Mamaearth Case Study – Extraordinary story of Ghazal Alagh

Mamaearth case study

How could a five-year-old startup knock off large names like Dabur, Johnson&Johnson, and HUL? What makes Mamaearth so unique? And, most importantly, what are some of the most effective business principles we can learn and apply in our own company. Who would have guessed that a woman from a tiny village in Chandigarh, who had never heard of B of Business, would be evaluating several organizations on the Indian entrepreneurship show Shark Tank? We are talking about – Ghazal Alagh, The founder of  Mamaearth.

Mamaearth history

Hence the story began in 2016, when 28-year-old Ghazal Alagh became a mother for the first time. Almost all of the moment, when a woman becomes a mother for the first time, she is concerned of taking care of the child. Due to a lack of experience. Ghazal Alagh’s kid, Agastya, was born with a rare skin condition. When she put anything on his skin, he became irritated and began crying. Ghazal tried every firm product, but nothing worked for him. And, with no other option, she switched to international brands. And, surprisingly, all foreign brands used to fit Agastya. It was a pleasant thing, but there was also a major issue.

Many international baby care brands were not available in India, which was an issue. And they had to import these things from abroad, which was incredibly expensive. And how does a middle-class family afford something that is too expensive? And this truth drove Ghazal. Ghazal addresses the situation with her husband. Her spouse would only suggest one thing to her: “Try it yourself and hope things change.” Mamaearth takes it from there.

Beginning of Mamaearth

A product that began with only six goods today has over 200 products on the market. The question is, how did Mamaearth do this? Do you know what the largest difference was between international and Indian infant care products? International brand items were toxin-free, which implies they did not include any chemical or component that generated toxicities on baby’s skin.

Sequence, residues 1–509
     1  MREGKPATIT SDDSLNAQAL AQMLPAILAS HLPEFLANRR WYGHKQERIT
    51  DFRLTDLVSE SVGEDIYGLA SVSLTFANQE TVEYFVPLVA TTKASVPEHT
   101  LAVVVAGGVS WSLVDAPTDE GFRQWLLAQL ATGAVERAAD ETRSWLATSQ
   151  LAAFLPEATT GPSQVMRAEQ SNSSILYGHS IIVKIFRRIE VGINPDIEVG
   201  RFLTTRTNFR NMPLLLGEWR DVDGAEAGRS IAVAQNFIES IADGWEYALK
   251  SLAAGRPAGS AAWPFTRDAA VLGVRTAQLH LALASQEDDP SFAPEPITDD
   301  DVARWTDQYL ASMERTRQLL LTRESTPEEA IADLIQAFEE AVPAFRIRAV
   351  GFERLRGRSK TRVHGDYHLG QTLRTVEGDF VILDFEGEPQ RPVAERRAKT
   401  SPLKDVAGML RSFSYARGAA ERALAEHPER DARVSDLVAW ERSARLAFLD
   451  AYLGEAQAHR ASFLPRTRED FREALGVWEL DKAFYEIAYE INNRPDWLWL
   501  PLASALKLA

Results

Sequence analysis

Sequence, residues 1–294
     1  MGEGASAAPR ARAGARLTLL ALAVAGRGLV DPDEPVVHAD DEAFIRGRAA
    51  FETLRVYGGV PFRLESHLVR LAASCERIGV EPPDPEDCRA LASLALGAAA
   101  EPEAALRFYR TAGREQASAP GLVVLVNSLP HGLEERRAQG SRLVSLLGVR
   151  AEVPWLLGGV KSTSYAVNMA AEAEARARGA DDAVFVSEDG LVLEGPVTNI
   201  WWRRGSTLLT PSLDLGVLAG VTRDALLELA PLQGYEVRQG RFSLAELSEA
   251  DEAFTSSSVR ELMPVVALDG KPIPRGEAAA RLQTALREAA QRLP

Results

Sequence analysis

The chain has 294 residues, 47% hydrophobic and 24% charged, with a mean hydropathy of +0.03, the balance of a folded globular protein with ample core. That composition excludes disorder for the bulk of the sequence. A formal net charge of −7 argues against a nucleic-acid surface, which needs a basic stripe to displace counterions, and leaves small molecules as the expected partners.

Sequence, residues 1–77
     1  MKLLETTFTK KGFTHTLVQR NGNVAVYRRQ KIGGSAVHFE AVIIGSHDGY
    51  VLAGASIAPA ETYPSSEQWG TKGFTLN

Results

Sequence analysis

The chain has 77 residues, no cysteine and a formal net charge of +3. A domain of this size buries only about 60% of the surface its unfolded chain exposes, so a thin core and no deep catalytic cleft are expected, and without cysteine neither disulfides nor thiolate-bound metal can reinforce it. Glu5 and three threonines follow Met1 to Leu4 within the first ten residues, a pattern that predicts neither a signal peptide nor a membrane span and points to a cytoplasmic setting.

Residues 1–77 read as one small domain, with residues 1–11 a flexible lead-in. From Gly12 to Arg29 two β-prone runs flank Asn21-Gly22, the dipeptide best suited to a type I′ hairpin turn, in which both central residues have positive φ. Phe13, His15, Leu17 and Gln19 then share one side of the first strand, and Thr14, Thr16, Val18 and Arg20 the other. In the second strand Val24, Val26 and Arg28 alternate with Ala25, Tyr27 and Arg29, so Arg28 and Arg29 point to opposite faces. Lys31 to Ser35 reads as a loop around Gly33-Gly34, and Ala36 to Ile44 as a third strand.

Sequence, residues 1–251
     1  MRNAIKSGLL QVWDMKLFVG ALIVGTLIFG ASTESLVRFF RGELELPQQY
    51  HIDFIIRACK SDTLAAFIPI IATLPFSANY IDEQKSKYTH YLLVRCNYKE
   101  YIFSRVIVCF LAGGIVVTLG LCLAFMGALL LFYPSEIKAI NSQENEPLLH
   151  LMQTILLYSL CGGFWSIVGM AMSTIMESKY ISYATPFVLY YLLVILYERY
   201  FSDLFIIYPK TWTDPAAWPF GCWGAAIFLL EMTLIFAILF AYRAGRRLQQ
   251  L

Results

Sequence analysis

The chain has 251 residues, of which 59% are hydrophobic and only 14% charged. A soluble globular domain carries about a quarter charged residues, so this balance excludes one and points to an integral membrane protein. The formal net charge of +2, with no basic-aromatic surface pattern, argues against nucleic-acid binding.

Surprisingly, over 1500 components are prohibited in overseas infant care products. Regrettably, such norms and restrictions do not exist in India. Ghazal Alagh discovered that 95 percent of the customers who brought baby items were mothers while conducting consumer profiling. However, most mothers are unaware of which cosmetics are safe to put on their children’s skin. They had no idea which products were safe for their baby’s skin and which were detrimental. To address this issue, Ghazal Alagh began speaking with other makers of infant care products. And asked them whether we could produce baby goods out of non-toxic materials.

Mamaearth’s experience escalated from there. First, they tried to develop and commercialize six infant care items. Initially, they distributed them to friends and family and solicited feedback. “Use these items and tell us what you don’t like about them and how we might enhance them.Are these goods appropriate for your children?”